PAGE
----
Besides the graphics something I did quite like is the skill tree. You purchase one skill and the ones adjacent to it open up more skills. Each skill did actually make the game a bit better. You can always reset the tree as you like as well so you can find your best playstyle.

You also have the choice of weapons. You can choose from a longsword which is very balanced and good for all types of players to a war hammer that is slow but powerful. Each of the different weapons does feel different and takes some getting used to. Is this groundbreaking no, but I’m trying to find some good here.

When I play games, I like to have a story. Even if it’s barebones at least it gives the game purpose. There is no story here. I mean there are some random cut scenes with dialogue and characters but it does not amount to anything. This is just a game that exists to waste your time.

When this game inevitably becomes a free game for PS Plus users then I ‘d say it’s worth an hour or two of your time. It’s got wicked graphics, a few hours of fun, a good skill tree and neat costumes to help you fill the void. If however you have to pay for it, well then I’d say move right along because there’s plenty of other offerings out there.

What I Loved:

  • Easy to download and uninstall
  • The graphics
  • Great level art

What I Liked:

  • Good variety in weapons
  • Skill tree

What I Disliked:

  • How much it felt like a PS2 game
  • The level design
  • The grind
  • The repetition
  • The campaign

What I Hated:

  • Pretty much everything else

The Final Word: I see why they called it Godfall and not Goodfall.

Played on the PS5 using code provided by the publisher. Godfall  is rated M for Mature and not recommended for younger players.

Review – Chronos: Before the Ashes

The low-detail style of Chronos: Before the Ashes, likely a holdover of its origins on VR platforms, gives it a charming look akin to Absolver or Ashen, but can make the environments a nightmare to navigate.

Chronos: Before the Ashes started life as a virtual reality (VR) title back in 2016 and has now been retooled and re-released as a third-person perspective action title on Playstation and Xbox platforms. A VR game translated into a console title doesn’t sound like an ideal marriage of ideas, but what caught my interest here was that Chronos ties into one of my favourite games from last year – Remnant: From the Ashes.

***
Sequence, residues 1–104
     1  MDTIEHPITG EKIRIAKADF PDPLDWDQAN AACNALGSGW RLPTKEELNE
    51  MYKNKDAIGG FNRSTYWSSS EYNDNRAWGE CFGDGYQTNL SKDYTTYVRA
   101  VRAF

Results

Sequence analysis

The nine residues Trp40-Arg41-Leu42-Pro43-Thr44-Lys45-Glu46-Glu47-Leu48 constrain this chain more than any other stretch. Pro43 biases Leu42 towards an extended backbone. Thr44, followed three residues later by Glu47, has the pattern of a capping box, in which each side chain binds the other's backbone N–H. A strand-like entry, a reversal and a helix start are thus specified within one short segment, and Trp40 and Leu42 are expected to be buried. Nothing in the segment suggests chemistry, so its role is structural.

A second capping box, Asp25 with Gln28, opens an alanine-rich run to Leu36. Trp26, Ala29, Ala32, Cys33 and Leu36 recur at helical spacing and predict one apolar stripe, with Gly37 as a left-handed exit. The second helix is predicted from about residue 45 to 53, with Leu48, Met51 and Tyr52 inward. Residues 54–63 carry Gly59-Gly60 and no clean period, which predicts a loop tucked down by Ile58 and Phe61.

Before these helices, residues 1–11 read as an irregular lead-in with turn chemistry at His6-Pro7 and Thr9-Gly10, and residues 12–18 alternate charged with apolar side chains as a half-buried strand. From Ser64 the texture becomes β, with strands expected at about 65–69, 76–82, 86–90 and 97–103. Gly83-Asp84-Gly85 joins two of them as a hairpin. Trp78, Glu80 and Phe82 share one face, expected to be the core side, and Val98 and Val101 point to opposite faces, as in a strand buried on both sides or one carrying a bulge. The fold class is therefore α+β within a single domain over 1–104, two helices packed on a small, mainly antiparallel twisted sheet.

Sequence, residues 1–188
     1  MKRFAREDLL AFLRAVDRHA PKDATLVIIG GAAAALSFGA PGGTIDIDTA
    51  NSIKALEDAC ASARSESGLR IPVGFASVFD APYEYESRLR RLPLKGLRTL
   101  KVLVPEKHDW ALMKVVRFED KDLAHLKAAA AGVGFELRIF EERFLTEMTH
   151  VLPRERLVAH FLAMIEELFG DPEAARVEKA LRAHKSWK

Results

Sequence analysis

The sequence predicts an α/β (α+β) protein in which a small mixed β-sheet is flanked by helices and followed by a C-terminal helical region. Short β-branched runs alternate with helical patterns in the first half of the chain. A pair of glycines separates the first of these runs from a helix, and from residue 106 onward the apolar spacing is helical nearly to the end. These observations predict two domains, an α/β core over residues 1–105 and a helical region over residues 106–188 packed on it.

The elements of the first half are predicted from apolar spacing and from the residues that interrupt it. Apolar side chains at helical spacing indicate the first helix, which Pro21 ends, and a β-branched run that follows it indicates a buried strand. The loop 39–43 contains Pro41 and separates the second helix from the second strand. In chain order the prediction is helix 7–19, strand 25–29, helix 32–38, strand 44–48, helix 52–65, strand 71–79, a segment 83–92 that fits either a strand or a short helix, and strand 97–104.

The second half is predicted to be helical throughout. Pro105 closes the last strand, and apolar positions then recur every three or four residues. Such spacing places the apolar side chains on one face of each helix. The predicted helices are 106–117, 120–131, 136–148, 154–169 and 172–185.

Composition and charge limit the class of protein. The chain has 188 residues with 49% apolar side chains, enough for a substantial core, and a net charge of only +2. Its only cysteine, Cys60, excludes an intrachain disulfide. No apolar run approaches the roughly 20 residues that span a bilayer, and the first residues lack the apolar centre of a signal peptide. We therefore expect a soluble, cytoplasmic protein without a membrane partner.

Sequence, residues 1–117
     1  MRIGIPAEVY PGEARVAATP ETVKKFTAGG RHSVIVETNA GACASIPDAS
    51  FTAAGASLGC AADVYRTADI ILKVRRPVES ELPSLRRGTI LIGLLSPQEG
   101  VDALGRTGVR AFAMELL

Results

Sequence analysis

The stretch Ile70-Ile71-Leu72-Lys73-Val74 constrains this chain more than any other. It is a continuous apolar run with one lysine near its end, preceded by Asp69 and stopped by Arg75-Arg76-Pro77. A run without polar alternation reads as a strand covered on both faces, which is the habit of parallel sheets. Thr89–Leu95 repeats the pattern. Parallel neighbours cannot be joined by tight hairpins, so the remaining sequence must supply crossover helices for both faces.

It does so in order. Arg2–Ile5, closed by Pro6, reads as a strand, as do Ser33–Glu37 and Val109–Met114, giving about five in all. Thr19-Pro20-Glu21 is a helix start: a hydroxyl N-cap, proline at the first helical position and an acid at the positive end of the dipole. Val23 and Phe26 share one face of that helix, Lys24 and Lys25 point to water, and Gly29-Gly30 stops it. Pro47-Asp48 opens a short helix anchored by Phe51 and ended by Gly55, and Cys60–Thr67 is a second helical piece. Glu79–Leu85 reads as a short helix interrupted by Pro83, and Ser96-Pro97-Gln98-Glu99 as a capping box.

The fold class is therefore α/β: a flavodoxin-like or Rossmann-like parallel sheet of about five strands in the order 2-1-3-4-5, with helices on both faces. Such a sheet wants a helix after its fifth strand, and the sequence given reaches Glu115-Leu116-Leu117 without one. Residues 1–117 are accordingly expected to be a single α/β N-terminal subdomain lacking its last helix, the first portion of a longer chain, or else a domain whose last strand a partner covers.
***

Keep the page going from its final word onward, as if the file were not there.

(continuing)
Chronos fits as a prequel of sorts to Remnant, and though fans will recognize objects and enemies that tie the two together there’s no need to have played one to enjoy the other. Where Remnant was a shooter, this is a melee-focused action adventure with a unique progression system.

As the name indicates, Chronos is all about the passage of time. One day a year you can challenge the Labyrinth to try and puzzle out its layout and take down the enemies within it. When you fail – and you will, several times – you age a year and try again. During your gameplay you’ll level up in a very traditional manner, earning experience to plug into one of four key stats: Agility, Arcane, Strength, and Vitality, and every decade you earn a new permanent perk. Additionally, like with real life, it’s easier to gain Agility and Strength early on, but harder as you get older – so those stats cost more…unless you have the ‘agility of someone half your age’ perk.

There are elements of Souls-style games here, as well as Resident Evil-style ‘combine items to unlock new areas’ but – in keeping with the VR origins of the game – the areas you can explore are fairly small and bland, making navigating a nightmare at times. As a Souls-like, with a world that connects back to itself as you open more routes, this is a sizable negative. There are some interesting areas though, with one standout being an exploration of a bookshelf as a miniature version of yourself (shrunk using a magic mirror) to find a key you can use when you return to normal size.

Fortunately, this isn’t the hardest Souls-like out there. The combat is – again perhaps due to starting its life in VR – pretty forgiving. You have light/heavy attacks, dodge, block, and parry in your arsenal, though parrying didn’t seem as helpful as dodging, which allows your next attack to do more damage if you pull off a perfect evade.

You’ll need to master the combat for some of the boss fights, but as with a lot of Souls-like games it’s not the end boss that is the hardest for most people, but one somewhere in the middle. For me it was the Reina Pan fight, as I was still working on patience and placement. By the time I hit the end boss, I more or less knew exactly what I was doing and took it down with in one attempt.

Chronos: Before the Ashes is an interesting addition to the library for fans of Remnant, and the aging mechanic is unique. I don’t think this will satisfy Dark Souls fans looking for a challenge, but it’s a great intro to the systems and mechanics of those games for people who don’t want that level of frustration in their life.

What I Loved:

  • Aging a year every run, and the negatives that brings with it
  • Interesting lore